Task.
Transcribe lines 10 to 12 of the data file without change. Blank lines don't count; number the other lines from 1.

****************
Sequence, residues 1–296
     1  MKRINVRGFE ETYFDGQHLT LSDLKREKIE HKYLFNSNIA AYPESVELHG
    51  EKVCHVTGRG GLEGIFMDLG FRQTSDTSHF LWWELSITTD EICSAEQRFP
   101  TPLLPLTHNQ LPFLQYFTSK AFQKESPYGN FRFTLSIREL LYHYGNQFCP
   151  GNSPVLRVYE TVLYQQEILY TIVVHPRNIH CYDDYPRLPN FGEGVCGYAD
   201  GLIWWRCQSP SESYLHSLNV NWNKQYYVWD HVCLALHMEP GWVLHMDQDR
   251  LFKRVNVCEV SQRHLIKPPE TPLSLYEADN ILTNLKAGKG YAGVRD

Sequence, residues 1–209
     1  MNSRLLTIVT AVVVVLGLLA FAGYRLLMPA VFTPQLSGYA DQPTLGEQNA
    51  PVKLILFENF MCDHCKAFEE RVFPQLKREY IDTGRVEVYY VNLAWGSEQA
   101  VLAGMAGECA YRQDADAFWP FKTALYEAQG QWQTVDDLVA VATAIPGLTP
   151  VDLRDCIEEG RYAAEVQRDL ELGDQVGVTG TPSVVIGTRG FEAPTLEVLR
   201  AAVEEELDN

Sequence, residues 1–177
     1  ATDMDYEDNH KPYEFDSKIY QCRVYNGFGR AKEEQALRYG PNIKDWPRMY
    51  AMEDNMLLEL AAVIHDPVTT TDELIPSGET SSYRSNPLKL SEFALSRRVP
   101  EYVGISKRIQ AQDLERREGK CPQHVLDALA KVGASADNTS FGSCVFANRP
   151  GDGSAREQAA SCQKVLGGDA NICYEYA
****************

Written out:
    51  PVKLILFENF MCDHCKAFEE RVFPQLKREY IDTGRVEVYY VNLAWGSEQA
   101  VLAGMAGECA YRQDADAFWP FKTALYEAQG QWQTVDDLVA VATAIPGLTP
   151  VDLRDCIEEG RYAAEVQRDL ELGDQVGVTG TPSVVIGTRG FEAPTLEVLR